In our attention-deprived age it is a critical question I'm beginning to believe few, if any, marketers and communicators are asking with enough intention.
I was reminded of this yesterday while walking pass an outdoor signboard for a theatre in my neighborhood. Poorly painted, it lists the name of the current production and its running dates.
Now this is fine info if you (1) already know what the show is about, and (2) are likely to attend a performance ... in other words, if you're already knowledgeable and predisposed to act.
That's not going to be most people yet the theatre tells nothing to entice the interests of any of the uniformed whose attention the mere presence of the sign might attract.
So what could/should their sign say?
- That this play won the 2007 Tony award for best actress and the theatre is offering its Midwest premiere.
- That it is a hilarious comedy.
- The box office phone number so you can call right then and order tickets.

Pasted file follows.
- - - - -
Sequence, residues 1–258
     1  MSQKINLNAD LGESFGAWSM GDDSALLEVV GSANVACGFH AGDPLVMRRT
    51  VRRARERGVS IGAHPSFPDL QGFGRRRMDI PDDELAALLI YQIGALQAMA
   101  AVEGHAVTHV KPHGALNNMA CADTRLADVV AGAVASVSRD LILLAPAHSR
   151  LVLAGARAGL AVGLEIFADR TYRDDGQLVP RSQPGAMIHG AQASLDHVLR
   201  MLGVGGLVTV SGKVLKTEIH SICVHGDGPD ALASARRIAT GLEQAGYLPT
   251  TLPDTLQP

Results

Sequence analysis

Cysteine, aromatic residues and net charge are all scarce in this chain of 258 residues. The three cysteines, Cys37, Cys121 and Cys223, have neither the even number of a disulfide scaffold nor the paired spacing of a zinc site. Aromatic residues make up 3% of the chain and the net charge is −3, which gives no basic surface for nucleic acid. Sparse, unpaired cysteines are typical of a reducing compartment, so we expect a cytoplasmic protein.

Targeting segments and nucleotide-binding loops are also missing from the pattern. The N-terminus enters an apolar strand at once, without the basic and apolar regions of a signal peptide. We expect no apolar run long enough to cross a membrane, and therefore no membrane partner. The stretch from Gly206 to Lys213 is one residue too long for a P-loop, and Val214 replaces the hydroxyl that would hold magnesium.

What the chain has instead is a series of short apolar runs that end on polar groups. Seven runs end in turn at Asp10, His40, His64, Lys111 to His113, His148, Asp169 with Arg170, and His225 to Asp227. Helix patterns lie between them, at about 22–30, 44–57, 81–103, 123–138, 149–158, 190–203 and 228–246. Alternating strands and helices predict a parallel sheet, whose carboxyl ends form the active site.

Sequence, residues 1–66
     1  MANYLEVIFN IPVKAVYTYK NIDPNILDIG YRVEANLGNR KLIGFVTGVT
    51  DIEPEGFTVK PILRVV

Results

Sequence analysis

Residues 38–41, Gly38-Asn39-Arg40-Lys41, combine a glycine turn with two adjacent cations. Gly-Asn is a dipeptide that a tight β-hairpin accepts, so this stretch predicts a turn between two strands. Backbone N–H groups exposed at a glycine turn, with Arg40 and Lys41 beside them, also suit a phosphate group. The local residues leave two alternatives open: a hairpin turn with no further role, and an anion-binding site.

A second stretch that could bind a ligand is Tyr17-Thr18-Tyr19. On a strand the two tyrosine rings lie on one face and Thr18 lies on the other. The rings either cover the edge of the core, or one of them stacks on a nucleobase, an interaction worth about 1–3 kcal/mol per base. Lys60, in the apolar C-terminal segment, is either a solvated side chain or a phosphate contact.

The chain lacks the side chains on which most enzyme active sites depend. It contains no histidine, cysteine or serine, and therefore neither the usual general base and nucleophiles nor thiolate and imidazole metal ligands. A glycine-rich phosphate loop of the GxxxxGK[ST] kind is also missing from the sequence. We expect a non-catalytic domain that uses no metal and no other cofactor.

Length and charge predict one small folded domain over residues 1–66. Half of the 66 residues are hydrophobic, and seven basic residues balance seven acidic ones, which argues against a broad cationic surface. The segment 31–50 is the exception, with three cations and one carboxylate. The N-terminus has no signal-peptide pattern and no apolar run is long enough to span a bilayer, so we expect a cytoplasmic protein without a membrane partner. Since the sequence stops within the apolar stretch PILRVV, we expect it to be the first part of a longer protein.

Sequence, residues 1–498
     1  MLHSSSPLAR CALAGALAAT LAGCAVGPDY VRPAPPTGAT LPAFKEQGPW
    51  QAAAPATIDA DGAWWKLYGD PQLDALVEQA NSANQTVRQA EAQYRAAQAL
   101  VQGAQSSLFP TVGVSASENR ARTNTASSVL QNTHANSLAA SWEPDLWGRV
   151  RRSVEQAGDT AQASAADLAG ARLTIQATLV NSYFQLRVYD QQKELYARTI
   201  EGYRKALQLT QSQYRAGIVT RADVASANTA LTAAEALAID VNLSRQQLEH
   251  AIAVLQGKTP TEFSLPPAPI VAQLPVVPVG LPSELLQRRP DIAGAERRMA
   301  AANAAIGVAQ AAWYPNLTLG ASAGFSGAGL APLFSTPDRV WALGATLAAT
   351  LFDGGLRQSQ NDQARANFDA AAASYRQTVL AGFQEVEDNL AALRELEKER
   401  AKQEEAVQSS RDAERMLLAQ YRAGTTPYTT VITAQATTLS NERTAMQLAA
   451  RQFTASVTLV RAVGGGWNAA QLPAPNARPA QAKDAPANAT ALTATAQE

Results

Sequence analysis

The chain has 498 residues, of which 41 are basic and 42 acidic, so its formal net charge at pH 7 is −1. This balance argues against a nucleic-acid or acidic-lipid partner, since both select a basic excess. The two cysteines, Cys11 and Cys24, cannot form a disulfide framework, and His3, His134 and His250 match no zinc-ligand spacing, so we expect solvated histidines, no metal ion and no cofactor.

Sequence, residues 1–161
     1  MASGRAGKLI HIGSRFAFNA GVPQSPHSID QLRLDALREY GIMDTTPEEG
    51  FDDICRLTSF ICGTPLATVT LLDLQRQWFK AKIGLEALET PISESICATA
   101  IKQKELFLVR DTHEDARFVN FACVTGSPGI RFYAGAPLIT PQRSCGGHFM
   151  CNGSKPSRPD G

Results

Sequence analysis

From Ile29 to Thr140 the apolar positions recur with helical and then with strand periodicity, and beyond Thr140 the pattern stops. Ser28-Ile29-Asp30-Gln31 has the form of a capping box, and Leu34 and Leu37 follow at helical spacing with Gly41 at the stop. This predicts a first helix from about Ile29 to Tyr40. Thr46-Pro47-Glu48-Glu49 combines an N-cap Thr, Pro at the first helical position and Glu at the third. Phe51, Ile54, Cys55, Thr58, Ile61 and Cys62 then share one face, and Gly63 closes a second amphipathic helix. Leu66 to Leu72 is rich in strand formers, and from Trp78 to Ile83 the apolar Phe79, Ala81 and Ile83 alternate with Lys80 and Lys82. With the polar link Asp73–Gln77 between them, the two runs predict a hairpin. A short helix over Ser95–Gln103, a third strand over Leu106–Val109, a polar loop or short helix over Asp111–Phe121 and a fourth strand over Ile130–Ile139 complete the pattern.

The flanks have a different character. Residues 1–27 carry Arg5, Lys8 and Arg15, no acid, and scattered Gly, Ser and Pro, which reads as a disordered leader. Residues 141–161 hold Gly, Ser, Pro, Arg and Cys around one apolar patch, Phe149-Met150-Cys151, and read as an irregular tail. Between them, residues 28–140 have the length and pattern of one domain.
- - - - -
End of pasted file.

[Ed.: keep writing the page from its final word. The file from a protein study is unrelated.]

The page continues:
And if they would get a little crazy they might even:
- Go to Kinkos and enlarge one of their promo fliers into a laminated poster and put that on the signboard to reinforce the visual identity they've already spent time creating.
- Add a voice mailbox number people could dial to listen to what actual patrons say about the show (assumes they would be smart enough to collect reviews like that).
- Add on of those info boxes realtors use so you could pick up a synopsis of the play with an order form you could use to buy tickets via fax.
- List the name and dates of their next show to get people thinking ahead.
- Change the board weekly if for no reason than to reengage the attention of people who frequently pass the signboard.
It takes so much energy to get people's attention nowadays. You would be much better-served if you thoroughly examine (1) what action you want people to take once you have their attention, and (2) what message/visual display will most lead to that result.